# What are we allowed to do when proving deformation retraction of simplex?

I'm trying to show that the $$3$$-simplex with the edge identifications $$[v_0, v_1] \sim [v_2, v_3]$$ and $$[v_0, v_2] \sim [v_1, v_3]$$ deformation retracts onto the torus. I have a couple of potential solutions, but I'm not sure why/if they are correct.

The first one is inspired by this solution to a similar problem. This involves collapsing the face $$[v_0, v_1, v_2]$$ by identifying the edge $$[v_1, v_2]$$ with $$[v_1, v_0] + [v_0, v_2]$$, giving the "usual" scheme for a torus, as shown in the figure below. However, I'm not quite sure why this is allowed. What exactly happens with the edge $$[v_1, v_2]$$, shown in dark blue? The other solution is to try to cut the $$3$$-simplex and then glue it together again in a way that shows that it is a torus, as inspired by this solution. I'm not really sure how to get this to work though. I always end up with weird things like shown in the figure below. What am I doing wrong? In your first diagram, the right side of that diagram depicts the union of two faces $$[v_0,v_1,v_3] \cup [v_0,v_2,v_3] \subset \Delta^3$$ as a quadrilateral that I'll denote $$Q$$. You've also depicted the side identifications on $$Q$$, and I'm sure you can see that the quotient space $$Q /\!\!\sim$$ is homeomorphic to the torus. Good so far.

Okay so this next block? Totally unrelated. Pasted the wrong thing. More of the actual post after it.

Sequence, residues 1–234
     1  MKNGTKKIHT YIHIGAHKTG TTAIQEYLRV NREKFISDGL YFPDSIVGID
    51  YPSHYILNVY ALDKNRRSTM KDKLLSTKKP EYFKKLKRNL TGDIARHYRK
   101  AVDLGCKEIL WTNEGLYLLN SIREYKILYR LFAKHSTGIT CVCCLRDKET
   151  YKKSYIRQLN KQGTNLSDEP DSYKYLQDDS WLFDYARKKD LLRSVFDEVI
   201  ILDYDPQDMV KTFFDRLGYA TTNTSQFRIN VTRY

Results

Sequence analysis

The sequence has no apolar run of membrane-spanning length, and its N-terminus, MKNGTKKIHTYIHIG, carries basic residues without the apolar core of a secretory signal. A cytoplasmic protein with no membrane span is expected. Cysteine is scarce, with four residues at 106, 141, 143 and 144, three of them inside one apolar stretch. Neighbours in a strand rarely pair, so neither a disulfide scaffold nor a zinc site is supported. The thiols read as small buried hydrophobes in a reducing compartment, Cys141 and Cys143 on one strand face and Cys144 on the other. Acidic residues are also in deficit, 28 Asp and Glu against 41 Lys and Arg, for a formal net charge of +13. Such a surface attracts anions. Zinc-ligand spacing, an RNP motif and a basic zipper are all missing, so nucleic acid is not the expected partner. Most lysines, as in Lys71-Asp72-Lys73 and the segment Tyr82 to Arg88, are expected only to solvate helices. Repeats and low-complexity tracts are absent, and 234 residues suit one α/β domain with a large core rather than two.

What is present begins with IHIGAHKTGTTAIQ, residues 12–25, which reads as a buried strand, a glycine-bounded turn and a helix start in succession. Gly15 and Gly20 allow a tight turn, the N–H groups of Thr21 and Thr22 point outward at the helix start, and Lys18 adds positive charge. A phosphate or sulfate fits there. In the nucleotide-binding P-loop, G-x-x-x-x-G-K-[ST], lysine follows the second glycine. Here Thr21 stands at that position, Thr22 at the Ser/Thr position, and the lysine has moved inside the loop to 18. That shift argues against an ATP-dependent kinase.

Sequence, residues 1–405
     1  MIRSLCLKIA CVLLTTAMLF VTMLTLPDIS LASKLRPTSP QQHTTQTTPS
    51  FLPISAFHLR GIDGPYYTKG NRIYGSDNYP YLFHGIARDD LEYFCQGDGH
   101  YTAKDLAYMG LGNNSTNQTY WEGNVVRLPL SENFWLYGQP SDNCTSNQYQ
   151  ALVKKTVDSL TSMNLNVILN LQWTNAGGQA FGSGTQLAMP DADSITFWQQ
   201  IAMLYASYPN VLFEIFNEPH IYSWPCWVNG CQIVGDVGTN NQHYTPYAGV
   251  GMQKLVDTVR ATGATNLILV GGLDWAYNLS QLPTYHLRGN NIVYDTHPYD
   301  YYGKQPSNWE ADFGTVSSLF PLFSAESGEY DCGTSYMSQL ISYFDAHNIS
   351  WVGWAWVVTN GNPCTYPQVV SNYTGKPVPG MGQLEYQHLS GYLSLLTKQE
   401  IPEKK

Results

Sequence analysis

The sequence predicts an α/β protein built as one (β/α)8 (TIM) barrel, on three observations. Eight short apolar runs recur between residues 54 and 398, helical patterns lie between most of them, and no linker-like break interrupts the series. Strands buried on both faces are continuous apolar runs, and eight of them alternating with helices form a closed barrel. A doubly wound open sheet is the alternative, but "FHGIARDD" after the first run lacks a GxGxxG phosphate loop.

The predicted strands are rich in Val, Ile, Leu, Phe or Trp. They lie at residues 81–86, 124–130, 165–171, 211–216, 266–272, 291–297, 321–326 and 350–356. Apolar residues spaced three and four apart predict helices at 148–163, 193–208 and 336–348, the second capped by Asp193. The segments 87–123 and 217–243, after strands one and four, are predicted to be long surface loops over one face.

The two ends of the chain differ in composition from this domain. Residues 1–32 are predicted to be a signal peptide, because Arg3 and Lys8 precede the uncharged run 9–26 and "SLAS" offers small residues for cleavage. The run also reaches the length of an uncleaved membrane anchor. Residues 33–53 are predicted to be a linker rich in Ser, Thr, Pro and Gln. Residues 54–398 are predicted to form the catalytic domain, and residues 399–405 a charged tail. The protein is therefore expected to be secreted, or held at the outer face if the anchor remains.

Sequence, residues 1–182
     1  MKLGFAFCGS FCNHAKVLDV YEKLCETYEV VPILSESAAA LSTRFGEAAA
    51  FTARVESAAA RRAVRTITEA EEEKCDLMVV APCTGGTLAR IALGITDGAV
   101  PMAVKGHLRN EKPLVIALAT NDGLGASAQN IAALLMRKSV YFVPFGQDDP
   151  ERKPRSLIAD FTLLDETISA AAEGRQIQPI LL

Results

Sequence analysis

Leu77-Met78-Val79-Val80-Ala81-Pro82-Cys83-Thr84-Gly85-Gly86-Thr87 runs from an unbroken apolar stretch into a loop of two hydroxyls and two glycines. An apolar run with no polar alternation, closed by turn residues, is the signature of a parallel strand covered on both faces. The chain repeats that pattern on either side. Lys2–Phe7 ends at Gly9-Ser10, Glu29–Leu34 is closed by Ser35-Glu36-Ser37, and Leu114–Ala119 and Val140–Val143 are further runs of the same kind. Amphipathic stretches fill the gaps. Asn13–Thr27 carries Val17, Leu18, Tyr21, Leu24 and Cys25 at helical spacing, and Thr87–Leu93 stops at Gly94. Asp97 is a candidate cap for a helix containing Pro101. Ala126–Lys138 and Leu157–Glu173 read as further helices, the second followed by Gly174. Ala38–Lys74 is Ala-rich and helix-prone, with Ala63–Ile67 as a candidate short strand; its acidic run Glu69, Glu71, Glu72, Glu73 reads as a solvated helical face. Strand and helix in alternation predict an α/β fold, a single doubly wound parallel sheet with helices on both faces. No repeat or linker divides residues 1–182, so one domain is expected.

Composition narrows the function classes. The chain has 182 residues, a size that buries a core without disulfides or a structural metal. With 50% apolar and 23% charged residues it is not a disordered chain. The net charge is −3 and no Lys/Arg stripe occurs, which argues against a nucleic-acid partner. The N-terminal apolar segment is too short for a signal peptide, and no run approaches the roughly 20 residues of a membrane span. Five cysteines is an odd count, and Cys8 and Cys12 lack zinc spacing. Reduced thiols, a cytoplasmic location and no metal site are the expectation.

Furthermore, since $$Q$$ contains every point of $$\Delta^3$$ which is identified to some point other than itself, I'm sure you can see that there is an induced embedding $$Q /\!\!\sim \,\to \Delta^3 /\!\!\sim$$.
Putting these together, if you can find a strong deformation retraction from $$\Delta^3$$ to $$Q$$, i.e. a retraction map $$f : \Delta^3 \mapsto Q$$ and a homotopy from that map to the identity map on $$\Delta^3$$ such that points of $$Q$$ are stationary under that homotopy, then that map and that homotopy will respect all identifications, and therefore by passing to the quotient you will obtain a deformation retraction $$\Delta^3 /\!\!\sim \,\to Q /\!\!\sim$$.
So, can you find $$f$$? (Hint: There is a homeomorphism between $$\Delta^3$$ and the closed 3-ball that takes $$Q$$ to the lower hemisphere of $$\partial B^3 = S^2$$.)